The satisfying sizzle of burgers on the grill and the declaration that it is swimming pool season are typical responses to Memorial Day. Memorial Day has become synonymous with a long weekend, summertime activities, and family gatherings. Many people forget or are unaware of what the “memorial” in Memorial Day means.
The United States has no shortage of patriotic holidays. Armed Forces Day, Memorial Day, Veteran’s Day, and the Fourth of July have been set aside to remember important parts of our history and the people who shaped and continue to shape it. Memorial Day was declared a federal holiday in 1971, but it has roots dating back to 1868, just after the Civil War. Originally known as Decoration Day, this was a time set aside to maintain and adorn the graves of our country’s war dead. It represents our gratitude as a nation and our hope for peace in the future.
Gold Star Awareness Month
May is also Gold Star Awareness Month, which recognizes families who have lost someone in war. Memorial Day, always observed on the final Monday in May, serves as the culmination of Gold Star Awareness activities in many parts of the country. Memorial Day is a somber occasion for anyone who suffered a loss in war. People traditionally place American flags or flowers on the graves of service members on this day. At 3 PM local time on Memorial Day, Americans participate in a National Moment of Remembrance. Cities all around the country hold races, parades, and other events to commemorate the holiday.
While Memorial Day honors those who have fallen in war, it is also another opportunity to consider our veterans and current service members. Many of our veterans experience Memorial Day differently than civilians because they may have a stronger connection to the reason for the holiday’s existence. Why wait until November to take a moment to be grateful for what our fellow citizens have done for us? The experiences that people have while serving dramatically change their lives, and the work that they do has a profound effect on everyone’s way of life in America.
E and R Auto Wrecking – A Veteran-Owned Business
Transitioning from military to civilian life is a challenging opportunity for service members to translate what they have learned during their military service into skill sets that benefit their community. One veteran who has done this successfully is E & R Auto Wrecking’s own Jose Espinoza. He was in the Army for 19 years, and he continues to serve in the National Guard. In the Army, he learned the importance of attention to detail and work ethic, skills which prove invaluable to him as the co-owner of E & R Auto Wrecking. Captain Espinoza served his country, and now he has returned to serve the community in which he grew up through his commitment to quality customer service and ethical, eco-friendly practices.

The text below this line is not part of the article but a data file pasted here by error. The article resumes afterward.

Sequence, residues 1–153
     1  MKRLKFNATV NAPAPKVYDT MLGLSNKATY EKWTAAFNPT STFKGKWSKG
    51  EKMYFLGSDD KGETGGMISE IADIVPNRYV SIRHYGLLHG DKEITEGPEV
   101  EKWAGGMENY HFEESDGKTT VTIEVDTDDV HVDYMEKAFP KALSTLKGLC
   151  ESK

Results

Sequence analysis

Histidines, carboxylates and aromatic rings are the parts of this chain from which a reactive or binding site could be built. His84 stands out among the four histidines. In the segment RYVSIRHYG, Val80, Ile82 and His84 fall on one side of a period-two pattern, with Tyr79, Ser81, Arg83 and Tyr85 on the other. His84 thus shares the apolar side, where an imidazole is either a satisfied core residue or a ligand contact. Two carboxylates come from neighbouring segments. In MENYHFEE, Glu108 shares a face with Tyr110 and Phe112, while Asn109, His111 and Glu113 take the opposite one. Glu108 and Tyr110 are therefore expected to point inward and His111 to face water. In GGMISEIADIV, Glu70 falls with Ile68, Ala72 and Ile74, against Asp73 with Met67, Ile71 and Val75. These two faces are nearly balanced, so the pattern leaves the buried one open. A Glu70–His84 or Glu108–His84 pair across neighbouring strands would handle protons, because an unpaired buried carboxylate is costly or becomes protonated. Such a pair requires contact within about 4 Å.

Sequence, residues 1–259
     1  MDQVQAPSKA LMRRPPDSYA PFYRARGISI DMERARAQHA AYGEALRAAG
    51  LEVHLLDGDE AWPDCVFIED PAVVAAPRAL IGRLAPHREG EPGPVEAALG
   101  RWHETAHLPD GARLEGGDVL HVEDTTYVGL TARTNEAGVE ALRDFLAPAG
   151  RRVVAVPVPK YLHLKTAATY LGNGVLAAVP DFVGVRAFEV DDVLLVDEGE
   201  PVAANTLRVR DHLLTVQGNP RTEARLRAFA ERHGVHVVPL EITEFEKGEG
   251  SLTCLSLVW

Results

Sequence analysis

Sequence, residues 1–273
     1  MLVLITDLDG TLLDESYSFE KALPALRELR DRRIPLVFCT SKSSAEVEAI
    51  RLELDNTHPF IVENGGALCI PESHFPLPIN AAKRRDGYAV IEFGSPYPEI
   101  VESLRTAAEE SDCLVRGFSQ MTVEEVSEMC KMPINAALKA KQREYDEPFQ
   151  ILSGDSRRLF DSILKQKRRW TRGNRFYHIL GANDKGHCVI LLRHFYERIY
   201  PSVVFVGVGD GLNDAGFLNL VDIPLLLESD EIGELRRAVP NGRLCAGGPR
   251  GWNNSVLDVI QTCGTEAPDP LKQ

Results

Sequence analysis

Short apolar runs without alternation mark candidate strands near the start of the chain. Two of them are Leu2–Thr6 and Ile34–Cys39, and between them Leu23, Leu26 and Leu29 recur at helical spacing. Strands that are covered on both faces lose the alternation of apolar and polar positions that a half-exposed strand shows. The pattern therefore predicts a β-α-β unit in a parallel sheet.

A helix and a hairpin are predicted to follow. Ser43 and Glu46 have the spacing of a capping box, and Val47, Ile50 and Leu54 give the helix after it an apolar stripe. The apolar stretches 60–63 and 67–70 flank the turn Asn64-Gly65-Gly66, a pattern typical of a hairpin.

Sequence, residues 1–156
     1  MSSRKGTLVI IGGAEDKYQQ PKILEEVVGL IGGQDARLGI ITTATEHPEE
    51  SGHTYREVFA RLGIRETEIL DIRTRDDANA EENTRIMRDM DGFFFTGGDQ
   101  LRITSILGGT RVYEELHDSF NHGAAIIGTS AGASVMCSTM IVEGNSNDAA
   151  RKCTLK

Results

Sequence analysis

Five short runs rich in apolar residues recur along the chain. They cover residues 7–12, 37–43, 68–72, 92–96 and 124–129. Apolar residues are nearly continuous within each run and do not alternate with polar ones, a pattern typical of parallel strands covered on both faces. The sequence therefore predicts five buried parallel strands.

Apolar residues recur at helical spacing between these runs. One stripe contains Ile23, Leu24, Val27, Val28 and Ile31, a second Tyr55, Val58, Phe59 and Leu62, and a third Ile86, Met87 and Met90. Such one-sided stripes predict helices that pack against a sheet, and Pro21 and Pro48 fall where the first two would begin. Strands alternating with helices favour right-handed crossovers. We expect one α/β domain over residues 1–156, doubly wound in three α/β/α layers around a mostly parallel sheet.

On Memorial Day, take some time to think about our fallen warriors first and foremost, but also take the time to thank our vets. Giving patronage to a veteran-owned business not only supports veterans who have successfully transitioned to the civilian workforce, but it allows those veterans to pay it forward.
Entrepreneurs like Jose Espinoza represent the possibilities that exist for those returning to civilian life. They also remind us of the tremendous loss that we as a nation bear when one of our sons or daughters does not come home.
This Memorial Day may involve hosting a barbecue or traveling, but it is important to remember why the holiday exists. Take time to participate in a moment of remembrance or another activity that supports Gold Star Families or veterans. Visit a war memorial or proudly fly the flag. Give a moment of gratitude to those who have come before us for enforcing the policies that allow us to enjoy life in America: some of them paid the ultimate price.